All businesses, regardless of industry, face risks that should be covered by insurance. The most common and comprehensive type of policy business owners invest in is general liability insurance (or CGL).
Some of the risks CGL insurance covers are:
- Bodily injury
- Property damage
- Medical payments
- Legal defense and judgment
- Personal and advertising injury
While businesses aren’t legally required to carry general liability insurance, operating without it is extremely risky. If your business is sued, you could end up facing fees totaling hundreds of thousands of dollars (or more). Having a sufficient CGL policy in place to help compensate for these damages is the only way to prevent this type of event from devastating your business.
COMMON SITUATIONS THAT GENERAL LIABILITY INSURANCE WOULD COVER FOR A CARPENTER
Example 1: A load-bearing wood structure collapses on a client while he is surveying your work in progress. If held liable, your business would probably have some coverage under a general liability insurance policy for damages incurred or a settlement reached outside of court.
Example 2: The custom entertainment center you are building in a client’s home tips over when the family dog bumps into it during a game of fetch. It knocks over an antique urn, spilling ashes all over the floor and shattering the urn. The urn is worth several thousand dollars, not to mention emotional damages incurred. If you were found liable, general liability insurance would probably help cover some of these damages or any settlement reached between your business and the client.
Example 3: While carrying heavy wooden supplies down a client’s staircase, you bump into her and knock her down several hard steps. She breaks her ankle and later sues your business over the incident. If found liable, your business would probably be covered for some of the resulting damages or a settlement reached between you and the client.
Of course, this is not an exhaustive list of perils a general liability insurance policy will cover, and some conditions may result in a particular peril not being covered. It’s always best to talk to your agent in-depth about the specifics of your policy to avoid blind spots in coverage.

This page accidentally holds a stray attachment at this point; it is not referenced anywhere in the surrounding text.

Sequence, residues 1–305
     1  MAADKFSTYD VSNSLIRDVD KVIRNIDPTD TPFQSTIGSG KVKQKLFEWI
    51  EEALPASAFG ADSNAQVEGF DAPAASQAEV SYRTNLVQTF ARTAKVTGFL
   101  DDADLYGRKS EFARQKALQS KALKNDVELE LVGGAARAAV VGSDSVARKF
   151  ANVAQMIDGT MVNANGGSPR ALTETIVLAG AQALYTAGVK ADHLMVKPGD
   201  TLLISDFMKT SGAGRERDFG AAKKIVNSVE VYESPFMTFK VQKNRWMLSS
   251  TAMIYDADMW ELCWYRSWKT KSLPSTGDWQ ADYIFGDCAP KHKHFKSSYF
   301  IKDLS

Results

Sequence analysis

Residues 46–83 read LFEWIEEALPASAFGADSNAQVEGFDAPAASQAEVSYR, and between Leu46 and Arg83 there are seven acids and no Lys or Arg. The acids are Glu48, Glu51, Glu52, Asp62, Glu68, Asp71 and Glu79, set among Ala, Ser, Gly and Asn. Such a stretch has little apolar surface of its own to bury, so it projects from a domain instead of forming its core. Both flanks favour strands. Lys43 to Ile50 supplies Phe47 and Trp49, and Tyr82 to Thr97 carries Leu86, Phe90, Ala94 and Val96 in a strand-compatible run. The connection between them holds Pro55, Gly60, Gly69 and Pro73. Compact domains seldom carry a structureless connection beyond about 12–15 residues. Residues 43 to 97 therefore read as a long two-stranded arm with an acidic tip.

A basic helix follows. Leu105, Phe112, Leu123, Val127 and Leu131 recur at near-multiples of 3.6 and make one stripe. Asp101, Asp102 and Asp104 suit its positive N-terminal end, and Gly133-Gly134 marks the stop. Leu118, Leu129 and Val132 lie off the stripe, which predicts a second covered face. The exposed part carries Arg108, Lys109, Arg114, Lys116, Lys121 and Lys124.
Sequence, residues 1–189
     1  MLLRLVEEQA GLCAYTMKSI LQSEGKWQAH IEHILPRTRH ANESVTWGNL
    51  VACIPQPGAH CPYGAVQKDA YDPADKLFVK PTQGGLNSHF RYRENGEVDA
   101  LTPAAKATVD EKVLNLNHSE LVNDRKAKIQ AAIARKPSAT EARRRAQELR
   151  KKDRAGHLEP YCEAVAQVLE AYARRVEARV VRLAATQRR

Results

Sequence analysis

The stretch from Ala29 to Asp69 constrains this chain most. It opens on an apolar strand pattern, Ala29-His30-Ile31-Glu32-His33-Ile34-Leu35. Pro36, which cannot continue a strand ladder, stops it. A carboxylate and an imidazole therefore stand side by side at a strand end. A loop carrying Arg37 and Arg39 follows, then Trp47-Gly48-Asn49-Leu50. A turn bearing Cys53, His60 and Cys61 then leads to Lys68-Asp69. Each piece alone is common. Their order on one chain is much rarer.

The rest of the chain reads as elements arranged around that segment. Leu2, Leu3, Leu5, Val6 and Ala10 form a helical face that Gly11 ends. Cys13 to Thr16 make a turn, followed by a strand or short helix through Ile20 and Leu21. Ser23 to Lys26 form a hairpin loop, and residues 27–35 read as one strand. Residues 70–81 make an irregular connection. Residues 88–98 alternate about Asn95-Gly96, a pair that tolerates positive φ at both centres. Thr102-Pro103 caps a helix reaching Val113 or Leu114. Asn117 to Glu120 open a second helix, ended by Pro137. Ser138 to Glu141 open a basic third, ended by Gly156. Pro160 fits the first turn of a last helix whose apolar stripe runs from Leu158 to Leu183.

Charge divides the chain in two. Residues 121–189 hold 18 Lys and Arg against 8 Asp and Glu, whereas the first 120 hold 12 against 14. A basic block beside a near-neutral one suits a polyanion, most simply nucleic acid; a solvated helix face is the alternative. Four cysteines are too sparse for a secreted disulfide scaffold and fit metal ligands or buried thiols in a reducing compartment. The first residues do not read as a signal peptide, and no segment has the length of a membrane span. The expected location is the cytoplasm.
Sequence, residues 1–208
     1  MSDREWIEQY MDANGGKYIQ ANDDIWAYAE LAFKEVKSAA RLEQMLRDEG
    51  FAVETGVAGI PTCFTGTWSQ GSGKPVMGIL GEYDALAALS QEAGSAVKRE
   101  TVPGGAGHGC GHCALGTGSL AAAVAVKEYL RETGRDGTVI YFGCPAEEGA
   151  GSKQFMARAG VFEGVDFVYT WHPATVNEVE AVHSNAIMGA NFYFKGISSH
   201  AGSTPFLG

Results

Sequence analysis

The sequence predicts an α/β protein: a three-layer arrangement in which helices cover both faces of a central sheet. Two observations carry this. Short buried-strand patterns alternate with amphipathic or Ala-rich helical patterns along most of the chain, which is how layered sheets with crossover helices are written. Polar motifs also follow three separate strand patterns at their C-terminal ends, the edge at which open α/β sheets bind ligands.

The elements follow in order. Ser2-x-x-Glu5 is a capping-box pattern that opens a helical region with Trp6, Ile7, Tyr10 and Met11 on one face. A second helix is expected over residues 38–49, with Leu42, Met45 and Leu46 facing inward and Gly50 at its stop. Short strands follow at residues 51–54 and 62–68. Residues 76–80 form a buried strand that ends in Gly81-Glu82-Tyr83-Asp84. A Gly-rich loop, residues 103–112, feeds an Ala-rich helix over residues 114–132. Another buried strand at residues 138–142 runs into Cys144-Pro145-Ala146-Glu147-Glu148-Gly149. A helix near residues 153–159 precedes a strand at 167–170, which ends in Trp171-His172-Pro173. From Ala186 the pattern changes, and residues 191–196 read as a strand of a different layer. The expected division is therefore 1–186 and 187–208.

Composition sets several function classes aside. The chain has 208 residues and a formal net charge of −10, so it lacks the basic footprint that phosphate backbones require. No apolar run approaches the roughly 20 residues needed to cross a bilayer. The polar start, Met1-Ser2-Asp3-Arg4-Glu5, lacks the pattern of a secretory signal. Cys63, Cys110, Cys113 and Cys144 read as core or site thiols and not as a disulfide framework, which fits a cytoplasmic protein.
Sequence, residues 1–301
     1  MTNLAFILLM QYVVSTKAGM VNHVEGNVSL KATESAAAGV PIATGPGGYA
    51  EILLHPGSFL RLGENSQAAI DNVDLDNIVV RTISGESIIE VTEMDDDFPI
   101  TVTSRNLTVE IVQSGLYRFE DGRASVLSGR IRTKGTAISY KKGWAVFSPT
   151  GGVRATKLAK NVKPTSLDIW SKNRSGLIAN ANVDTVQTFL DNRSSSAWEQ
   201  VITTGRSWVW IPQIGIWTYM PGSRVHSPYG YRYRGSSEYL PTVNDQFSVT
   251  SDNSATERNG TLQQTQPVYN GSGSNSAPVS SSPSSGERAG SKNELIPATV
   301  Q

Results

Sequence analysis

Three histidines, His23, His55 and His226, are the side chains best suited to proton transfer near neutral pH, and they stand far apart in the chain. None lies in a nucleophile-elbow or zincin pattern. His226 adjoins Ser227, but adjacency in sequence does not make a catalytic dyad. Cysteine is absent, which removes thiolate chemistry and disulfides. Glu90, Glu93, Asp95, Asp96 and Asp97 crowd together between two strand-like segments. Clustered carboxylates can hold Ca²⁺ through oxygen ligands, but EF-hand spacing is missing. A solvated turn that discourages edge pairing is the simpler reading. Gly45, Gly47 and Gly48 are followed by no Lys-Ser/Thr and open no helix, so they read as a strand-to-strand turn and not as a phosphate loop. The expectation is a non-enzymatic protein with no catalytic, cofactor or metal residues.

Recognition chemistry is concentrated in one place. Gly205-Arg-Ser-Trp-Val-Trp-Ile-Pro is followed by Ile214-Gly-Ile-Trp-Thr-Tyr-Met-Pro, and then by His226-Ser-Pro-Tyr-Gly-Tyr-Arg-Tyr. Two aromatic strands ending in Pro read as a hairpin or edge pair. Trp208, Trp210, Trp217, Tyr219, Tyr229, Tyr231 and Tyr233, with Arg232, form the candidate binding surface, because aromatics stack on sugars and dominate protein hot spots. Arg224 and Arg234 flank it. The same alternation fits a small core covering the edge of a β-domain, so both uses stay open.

The average carpenter in America spends between $500-$1,500 per year for $1 million in general liability coverage.
Check out the chart below for a snapshot of average CGL expenditure across a variety of industries:
Several factors will determine the price of your policy. These include your:
- Number of employees
- Per-occurrence limit
- General aggregate limit
You may be able to acquire general liability insurance at a discounted rate by purchasing it as part of a business owner’s policy (BOP) rather than as a standalone policy. A BOP is a more comprehensive solution that includes multiple forms of coverage, such as business interruption and property insurance.
While general liability is the most important type of insurance to have, there are several other forms of coverage you should be aware of. Below are some other types of insurance all carpenters should obtain:
Professional Liability Insurance
A business that performs any sort of service for its customers can be held liable for damages resulting from these actions or even for simple negligence and omission. Professional liability insurance can cover some of these damages in the event your carpentry business is found liable. Unsturdy structures that break and cause injury or projects that are simply dissatisfactory are potential liabilities for a carpenter.